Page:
Column: Checks and Balances

By George Chandler

“Checks and balances” is the phrase that describes the interactions among the branches of a government that provides for limiting governmental excess by the separation of powers into legislative, executive and judicial sectors. 

For example in the first instance, the federal government, the legislature passes laws but those laws can only be enforced by the executive and interpreted by the judicial, the legislature can remove judges or presidents and controls their budgets but is itself greatly constrained by being bifurcated. 

And so on. In the extreme these checks and balances can and do produce gridlock so moderation is necessary.

Recently it has been alleged that the municipal government of Los Alamos operates without adequate checks and balances because there is no separation of powers similar to the federal system. 

This naïve allegation has been used to justify the assertion that the referendum and initiative powers enshrined in our charter are essential to prevent municipal excess. 

In this piece I want to look at the question of whether there is a separation of powers and the checks and balances are adequate.

You have to look at the broader picture to see how this works in Los Alamos because the Incorporated County of Los Alamos is an arm of state government, hence some of the seats of power are external to the municipality.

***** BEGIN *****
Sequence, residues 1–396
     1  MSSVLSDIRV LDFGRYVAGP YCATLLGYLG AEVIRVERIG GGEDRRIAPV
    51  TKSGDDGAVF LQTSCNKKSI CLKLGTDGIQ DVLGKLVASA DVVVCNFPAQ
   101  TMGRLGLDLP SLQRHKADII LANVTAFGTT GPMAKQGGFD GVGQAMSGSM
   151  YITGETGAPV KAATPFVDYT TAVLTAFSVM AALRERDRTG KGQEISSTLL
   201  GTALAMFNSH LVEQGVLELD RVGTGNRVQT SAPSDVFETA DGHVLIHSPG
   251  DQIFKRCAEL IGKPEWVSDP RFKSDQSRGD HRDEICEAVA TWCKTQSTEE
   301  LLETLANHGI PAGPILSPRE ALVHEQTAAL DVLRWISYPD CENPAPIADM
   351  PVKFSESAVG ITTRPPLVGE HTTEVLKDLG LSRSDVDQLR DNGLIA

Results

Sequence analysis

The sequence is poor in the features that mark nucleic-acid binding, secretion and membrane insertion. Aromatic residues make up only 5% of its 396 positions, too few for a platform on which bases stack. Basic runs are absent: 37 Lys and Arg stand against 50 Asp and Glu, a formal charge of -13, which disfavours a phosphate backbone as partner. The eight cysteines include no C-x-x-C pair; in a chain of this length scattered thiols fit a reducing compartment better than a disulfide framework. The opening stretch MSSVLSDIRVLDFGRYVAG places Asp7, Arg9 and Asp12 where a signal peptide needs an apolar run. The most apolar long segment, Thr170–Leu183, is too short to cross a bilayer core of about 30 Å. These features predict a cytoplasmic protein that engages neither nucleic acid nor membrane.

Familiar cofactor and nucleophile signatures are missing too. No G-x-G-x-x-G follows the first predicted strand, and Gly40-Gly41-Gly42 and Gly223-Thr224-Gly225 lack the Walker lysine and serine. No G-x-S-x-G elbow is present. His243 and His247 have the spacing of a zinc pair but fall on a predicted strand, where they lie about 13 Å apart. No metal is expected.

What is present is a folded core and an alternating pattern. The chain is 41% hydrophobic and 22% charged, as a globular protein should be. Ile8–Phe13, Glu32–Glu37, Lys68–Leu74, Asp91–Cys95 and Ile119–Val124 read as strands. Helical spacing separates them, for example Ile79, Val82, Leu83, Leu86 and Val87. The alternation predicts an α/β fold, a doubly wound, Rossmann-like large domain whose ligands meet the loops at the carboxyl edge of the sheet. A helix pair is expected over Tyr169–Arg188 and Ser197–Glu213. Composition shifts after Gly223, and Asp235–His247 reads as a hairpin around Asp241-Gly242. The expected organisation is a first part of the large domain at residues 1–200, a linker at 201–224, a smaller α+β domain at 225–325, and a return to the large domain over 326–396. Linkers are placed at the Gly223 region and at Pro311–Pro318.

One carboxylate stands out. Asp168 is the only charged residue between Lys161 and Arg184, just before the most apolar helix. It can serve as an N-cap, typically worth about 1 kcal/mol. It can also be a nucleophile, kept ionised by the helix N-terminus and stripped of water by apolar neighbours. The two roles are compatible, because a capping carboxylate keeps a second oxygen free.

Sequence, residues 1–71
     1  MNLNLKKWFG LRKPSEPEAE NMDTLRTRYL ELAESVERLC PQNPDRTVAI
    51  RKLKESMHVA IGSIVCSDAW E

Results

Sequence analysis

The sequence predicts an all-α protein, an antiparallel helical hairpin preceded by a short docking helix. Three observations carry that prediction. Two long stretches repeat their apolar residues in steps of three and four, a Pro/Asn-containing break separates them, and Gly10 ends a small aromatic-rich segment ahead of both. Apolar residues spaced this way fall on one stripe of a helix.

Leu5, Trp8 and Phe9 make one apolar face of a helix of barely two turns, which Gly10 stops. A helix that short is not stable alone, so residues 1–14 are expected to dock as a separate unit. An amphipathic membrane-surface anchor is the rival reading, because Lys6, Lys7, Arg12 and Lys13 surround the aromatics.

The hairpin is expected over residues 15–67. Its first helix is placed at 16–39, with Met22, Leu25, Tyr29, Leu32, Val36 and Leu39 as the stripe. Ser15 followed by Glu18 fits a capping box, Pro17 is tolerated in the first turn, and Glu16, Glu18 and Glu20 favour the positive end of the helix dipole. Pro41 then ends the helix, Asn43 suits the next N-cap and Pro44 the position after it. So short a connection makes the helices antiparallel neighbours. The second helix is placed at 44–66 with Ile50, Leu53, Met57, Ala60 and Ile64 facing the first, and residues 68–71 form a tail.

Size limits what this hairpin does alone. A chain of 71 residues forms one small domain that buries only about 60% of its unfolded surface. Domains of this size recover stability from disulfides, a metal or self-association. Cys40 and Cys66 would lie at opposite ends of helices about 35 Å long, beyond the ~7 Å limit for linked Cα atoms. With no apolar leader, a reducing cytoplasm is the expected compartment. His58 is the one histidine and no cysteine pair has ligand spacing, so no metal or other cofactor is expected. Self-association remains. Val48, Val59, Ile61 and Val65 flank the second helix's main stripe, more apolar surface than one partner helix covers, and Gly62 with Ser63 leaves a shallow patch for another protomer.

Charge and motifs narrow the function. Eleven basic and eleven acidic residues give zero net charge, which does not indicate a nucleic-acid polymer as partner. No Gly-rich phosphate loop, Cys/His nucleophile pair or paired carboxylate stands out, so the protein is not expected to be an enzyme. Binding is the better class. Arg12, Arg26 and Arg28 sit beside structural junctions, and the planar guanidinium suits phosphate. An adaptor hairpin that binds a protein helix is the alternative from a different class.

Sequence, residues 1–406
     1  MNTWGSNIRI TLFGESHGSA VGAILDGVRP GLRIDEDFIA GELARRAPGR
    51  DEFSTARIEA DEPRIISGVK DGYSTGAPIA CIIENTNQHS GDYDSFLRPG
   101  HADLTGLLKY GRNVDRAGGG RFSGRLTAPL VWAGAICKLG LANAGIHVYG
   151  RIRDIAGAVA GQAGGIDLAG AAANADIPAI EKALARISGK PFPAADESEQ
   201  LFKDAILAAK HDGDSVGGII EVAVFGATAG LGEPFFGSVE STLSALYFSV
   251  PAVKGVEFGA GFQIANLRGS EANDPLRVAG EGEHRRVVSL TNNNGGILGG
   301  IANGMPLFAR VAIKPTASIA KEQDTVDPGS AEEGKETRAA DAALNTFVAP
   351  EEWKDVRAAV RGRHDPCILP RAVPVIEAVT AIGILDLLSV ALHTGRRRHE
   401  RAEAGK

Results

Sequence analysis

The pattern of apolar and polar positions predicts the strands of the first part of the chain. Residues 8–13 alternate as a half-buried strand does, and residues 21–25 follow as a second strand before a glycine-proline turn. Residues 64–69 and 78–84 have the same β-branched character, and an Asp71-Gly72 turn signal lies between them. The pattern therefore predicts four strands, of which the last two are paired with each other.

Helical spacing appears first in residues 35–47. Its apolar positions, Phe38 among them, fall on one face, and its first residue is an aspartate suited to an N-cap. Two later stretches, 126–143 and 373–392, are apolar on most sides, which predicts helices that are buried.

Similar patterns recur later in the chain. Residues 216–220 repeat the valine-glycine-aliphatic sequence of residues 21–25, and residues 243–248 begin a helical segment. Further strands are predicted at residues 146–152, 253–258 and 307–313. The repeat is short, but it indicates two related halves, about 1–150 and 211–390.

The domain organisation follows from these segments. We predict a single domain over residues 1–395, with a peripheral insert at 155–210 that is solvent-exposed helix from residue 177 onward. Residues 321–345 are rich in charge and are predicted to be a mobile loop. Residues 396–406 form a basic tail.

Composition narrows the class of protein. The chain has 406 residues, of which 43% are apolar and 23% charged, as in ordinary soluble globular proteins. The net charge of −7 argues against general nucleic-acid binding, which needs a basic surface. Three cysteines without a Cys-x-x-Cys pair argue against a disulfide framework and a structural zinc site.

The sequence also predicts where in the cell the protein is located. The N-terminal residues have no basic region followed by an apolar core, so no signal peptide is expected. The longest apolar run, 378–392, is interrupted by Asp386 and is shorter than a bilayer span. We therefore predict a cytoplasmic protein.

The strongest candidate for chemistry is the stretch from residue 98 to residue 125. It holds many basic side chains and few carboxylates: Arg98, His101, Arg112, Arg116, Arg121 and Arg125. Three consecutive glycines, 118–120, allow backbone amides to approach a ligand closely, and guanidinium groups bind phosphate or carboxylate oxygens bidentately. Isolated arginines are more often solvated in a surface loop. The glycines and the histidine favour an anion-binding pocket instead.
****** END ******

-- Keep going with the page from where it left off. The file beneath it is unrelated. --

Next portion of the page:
Thus, for example, judicial review of council legislation (ordinances) is done by state and federal courts, and the authorization and constraints on council action exist at multiple levels:

Federal and state constitutions, federal and state law, and the county charter. The County Administrator is the executive who enforces county ordinances as well as state and federal law, and is hired, supervised by, and removed by the Council. 

The budget is constrained by state law and is subject to review and supervision by state officials.

The Municipal Court’s budget is controlled by council, the court adjudicates violations of county ordinances brought to it by the County Administrator’s employees (primarily police but others as well), but cannot review them for constitutionality and is supervised by the state judiciary. 

The executive also relies on state courts for many of its law enforcement functions.

The four charter questions on the ballot on Nov. 6 include some modifications that make it marginally more difficult to exercise the initiative and referendum powers. 

I’ve done a successful petition myself and I can tell you that the current Los Alamos system makes it very easy – these changes won’t be any serious hindrance to a strong petition effort. 

However you feel about that, I think I’ve shown that there’s no merit at all to the claim that the powers of the Council are not adequately checked and balanced by other branches of government.

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